My son attends an early college high school. What that means is that he’s in his junior year and is now taking all college classes. He’s always looked to me for help with his writing courses and writing assignments. Since I used to be a university English professor, I’ve a pretty good handle on essay writing and academic writing. His midterms for his English classes have been in-class essays. He’s a slow writer–he’s a science kid, and so he likes to write very carefully and slowly to be sure it’s right. I’m working on helping him learn the drafting/revision process. Anyhow, he’s got a midterm coming up. He likes to do a practice prewrite before so he has his head wrapped around the subject and what he wants to say. He can’t take it in, but it helps him cement his ideas for the exam.
His topic is on Orwell’s 1984. I haven’t read it in years. Years and years and years. So I’m rereading it now and it’s really surreal to encounter all the stuff that has become so central to today’s world. Not just Big Brother, but newspeak and doublethinking. It also represents a lot of what I wrote about in my dissertation–a system of social surveillance/self-patrol that’s built on Jeremy Bentham’s concept of prison.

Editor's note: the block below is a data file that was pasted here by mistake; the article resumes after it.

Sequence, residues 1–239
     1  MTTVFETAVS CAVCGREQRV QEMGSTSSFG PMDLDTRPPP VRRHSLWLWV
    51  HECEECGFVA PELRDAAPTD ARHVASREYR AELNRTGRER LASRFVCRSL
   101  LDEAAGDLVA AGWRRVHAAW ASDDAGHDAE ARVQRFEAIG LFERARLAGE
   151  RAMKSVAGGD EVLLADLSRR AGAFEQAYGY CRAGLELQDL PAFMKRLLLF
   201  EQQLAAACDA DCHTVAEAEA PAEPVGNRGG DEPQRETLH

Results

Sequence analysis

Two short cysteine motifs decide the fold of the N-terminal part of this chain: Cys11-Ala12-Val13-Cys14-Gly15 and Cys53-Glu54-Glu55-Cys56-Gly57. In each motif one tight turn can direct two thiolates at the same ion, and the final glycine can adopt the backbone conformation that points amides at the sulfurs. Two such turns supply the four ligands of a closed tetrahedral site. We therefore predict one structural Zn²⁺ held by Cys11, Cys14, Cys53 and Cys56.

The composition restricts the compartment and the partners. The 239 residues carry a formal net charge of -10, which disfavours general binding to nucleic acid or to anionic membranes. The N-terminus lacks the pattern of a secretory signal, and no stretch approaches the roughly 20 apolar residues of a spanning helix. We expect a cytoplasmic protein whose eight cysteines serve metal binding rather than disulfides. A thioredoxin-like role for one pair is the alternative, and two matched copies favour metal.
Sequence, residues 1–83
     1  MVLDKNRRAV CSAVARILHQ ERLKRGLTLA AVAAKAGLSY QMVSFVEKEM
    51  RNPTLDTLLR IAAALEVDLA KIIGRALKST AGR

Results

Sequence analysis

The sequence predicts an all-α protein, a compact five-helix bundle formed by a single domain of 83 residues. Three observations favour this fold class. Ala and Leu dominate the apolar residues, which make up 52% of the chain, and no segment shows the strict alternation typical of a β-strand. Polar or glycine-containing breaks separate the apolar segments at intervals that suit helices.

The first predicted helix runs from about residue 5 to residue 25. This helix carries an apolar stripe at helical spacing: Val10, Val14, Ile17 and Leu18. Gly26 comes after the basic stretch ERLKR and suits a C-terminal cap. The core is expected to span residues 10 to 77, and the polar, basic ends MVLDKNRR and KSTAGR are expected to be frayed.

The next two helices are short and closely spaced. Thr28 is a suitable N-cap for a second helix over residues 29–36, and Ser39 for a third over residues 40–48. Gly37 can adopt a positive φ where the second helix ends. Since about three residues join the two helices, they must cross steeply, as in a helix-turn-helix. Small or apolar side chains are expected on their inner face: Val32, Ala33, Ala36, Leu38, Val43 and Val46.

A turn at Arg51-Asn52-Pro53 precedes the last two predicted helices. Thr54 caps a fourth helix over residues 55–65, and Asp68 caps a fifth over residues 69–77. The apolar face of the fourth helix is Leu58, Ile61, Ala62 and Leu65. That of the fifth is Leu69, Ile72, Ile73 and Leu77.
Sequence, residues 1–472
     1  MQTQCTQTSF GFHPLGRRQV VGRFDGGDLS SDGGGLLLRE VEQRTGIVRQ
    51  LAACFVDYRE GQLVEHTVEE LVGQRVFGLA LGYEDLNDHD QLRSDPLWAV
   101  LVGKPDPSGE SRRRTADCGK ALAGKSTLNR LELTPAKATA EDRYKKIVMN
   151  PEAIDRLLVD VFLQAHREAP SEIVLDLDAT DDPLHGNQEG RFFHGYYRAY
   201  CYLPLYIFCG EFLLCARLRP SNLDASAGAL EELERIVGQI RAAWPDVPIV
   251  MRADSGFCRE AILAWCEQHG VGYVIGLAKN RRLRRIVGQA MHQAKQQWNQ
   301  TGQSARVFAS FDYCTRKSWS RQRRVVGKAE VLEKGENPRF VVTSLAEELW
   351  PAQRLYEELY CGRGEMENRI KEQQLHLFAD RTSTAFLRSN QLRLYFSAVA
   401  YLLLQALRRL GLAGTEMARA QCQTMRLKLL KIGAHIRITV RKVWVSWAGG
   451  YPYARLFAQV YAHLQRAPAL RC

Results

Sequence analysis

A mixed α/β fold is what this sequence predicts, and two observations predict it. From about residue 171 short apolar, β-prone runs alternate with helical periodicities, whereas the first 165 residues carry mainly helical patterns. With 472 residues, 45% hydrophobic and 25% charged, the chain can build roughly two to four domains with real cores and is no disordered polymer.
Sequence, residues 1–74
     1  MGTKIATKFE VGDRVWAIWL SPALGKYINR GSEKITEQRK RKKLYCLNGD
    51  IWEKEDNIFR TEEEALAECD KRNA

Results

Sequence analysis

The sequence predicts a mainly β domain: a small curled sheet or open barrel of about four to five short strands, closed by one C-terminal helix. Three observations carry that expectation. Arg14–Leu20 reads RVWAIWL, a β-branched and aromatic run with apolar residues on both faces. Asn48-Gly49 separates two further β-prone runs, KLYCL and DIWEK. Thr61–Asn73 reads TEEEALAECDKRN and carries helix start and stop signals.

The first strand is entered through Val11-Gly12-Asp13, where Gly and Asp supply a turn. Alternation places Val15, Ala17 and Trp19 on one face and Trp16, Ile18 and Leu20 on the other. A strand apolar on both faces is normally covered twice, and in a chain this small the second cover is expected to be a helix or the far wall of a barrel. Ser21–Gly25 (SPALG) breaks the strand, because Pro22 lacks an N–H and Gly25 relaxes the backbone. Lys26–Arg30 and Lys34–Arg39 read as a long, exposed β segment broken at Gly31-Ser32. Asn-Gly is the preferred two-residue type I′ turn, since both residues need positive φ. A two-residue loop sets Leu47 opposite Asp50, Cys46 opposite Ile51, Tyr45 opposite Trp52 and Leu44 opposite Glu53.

I like to go back and reread books. Some people don’t. My son doesn’t like to. My daughter reads and rereads and rereads again and again and again. A few years back, I went through my shelves and took off all the books that I wouldn’t be rereading. I probably got a lot of them wrong, but decided that I was doing a little too much rereading instead of attacking my TBR mountain.
I did not get rid of my most favorites, or the books in unfinished series. I tend to reread series books with every new release. The problem is that none of that helped. I only acquired more books and my mountain kept rising. Making matters worse is the fact that I’ll buy books that sound good, and then when I get them, I’m not in the mood to read them. I find myself craving comfort-reads. Books that I know will satisfy and make me happy and don’t offer a lot of upsetting surprises.
I decided it’s because the world today has been too surprising and sad and difficult. I like reading books with a happily ever after, or a good triumphs over evil theme. I also like some of the comfort reads from when I was much younger, although some of those don’t hold up as well as I’d like. But the Riddle Master of Hed series is one I love. Robin McKinley’s Sunshine is another. Anything Jane Austen. Roger Zelazny’s Amber series. Lee and Miller’s Liaden books. There are a lot more.